It’s a familiar headline, oft-repeated during the effort to legitimize the use of ‘psychedelic’ drugs in therapy. This time it’s ketamine, but LSD, ayahuasca, MDMA, mescaline, and ‘magic mushrooms’ have also been subject of favorable reviews.

Ketamine Blew My Mind: Can Psychedelic Drugs Cure Addiction and Depression? 

Anyway, the answer depends on how we define cure.

Early in my student days I attended a Grand Rounds that featured a discussion on this subject involving a psychiatric resident and his Chief. Both were ex-debaters so I’m sure they could easily have argued either side. One maintained that once symptoms of addiction had been absent for an extended period, we should consider our patient ‘cured’. His opponent countered that since we lacked any way to ‘prove’ that addiction had actually been eliminated, and the risk of relapse remained prominent (general agreement on that point), it made more sense to consider the patient as in remission.

This in fact is how DSM5 handles it with its Substance Use Disorders (SUDs) category.

The remission model helped solve a few practical problems in treatment. For instance:

  • The need to explain relapse. Patients who expect a ‘cure’ for their addiction may resume drinking or drug use once they’ve satisfied themselves that now, with a period of abstinence behind them, the problem may have gone away. Experience suggests this can lead to new and more serious consequences.

Take the case of a master goldsmith who went back to alcohol after 25 years of sobriety. Three months after he resumed drinking, he was admitted to the acute hospital for medical detoxification. As it happened, he had expected that a quarter-century of abstinence would put an end to his alcohol problem. He was surprised and disappointed to discover it had not. “I figured even if I was wrong, it would be a couple years before I needed help again,” he confessed. But he began bingeing after only a few weeks.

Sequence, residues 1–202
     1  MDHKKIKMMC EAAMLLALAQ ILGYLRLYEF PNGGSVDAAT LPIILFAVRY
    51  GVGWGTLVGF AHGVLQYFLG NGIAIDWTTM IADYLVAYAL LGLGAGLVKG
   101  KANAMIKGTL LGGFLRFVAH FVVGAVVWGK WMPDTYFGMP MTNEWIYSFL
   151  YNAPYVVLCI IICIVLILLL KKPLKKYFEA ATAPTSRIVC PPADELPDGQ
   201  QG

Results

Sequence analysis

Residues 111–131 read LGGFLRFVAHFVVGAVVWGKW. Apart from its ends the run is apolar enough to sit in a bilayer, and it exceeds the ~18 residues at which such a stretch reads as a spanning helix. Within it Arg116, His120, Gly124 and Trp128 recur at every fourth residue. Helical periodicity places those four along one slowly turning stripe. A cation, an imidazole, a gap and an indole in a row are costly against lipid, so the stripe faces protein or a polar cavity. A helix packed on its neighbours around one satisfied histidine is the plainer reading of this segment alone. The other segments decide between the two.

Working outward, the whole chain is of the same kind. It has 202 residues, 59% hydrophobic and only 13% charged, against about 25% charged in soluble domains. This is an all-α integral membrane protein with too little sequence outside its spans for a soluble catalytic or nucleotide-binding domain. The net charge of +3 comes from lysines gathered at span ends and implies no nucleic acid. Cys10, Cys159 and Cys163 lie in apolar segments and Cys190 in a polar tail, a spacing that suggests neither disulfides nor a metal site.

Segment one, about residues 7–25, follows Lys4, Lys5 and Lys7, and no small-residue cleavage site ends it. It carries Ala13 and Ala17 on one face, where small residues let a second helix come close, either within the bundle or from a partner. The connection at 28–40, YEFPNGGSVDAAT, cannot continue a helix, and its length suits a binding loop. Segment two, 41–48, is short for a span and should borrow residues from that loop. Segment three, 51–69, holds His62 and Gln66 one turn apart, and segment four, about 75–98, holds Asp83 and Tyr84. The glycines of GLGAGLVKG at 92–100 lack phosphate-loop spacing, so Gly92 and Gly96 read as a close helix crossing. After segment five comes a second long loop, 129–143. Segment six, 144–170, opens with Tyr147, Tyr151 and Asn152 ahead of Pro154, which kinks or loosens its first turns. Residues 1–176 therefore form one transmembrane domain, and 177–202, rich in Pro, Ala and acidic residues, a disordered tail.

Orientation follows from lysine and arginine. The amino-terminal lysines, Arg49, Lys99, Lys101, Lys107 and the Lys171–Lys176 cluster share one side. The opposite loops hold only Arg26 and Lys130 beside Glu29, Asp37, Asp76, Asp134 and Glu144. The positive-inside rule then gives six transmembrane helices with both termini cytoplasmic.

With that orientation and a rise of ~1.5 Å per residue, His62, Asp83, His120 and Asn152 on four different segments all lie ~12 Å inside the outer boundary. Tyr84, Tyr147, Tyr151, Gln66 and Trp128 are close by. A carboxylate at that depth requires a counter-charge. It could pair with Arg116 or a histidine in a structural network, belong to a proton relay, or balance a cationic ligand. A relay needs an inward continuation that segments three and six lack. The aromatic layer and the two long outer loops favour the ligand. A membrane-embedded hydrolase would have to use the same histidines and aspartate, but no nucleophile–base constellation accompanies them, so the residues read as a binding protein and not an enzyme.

• It helps discourage further attempts to regain lost control. Many arrive in rehab with long histories of trying to ‘master’ their substance use through force of will and various control strategies. They’re in treatment because it hadn’t worked. That doesn’t mean they’ve given up, however. Once they feel better, it’s tempting to take one last shot at success. “This time things will be different,” they tell themselves.
  • It motivates people to stick with a recovery program. If you believe you’re cured, why bother  practicing a recovery program? “You don’t know me, mate,” someone will say to the counselor. “Once I make up my mind, it’s finished.” Famous last words. Ironically, family members can inadvertently reinforce this error by assuming that treatment has ‘fixed’ their loved one, once and for all. That’s referred to as the washing machine model: “Goes in dirty, comes out clean.” If only, huh?

Relapsed patients can offer a host of reasons for the decision to return to substance use. A few examples:

  • “I guess I just wanted to feel that high again.” We might compare this to the patient with bipolar disorder who longs to re-experience the euphoria of the manic phase — even knowing that depression will follow.
  • “There was no real reason, it just sort of happened.” For some, the urge to get loaded is so deeply conditioned it’s a reflexive response to certain situations. Think: an airplane when the autopilot is in control.
  • “Just seeing those people made me long for a drink.” Craving can be triggered by things strongly associated with past use — from bumping into the wrong person, to a particular sight or sound — anything that reminds one of the good feelings drugs can create, blotting out memories of the bad stuff.
  • “I was sober but I still didn’t feel good.” Based on the misconception that once you’re off drugs or alcohol, life should be a breeze. It’s a big disappointment when it isn’t.

The disease-in-remission view just seemed to make the realities of their new lifestyle more palatable, and perhaps easier to accept.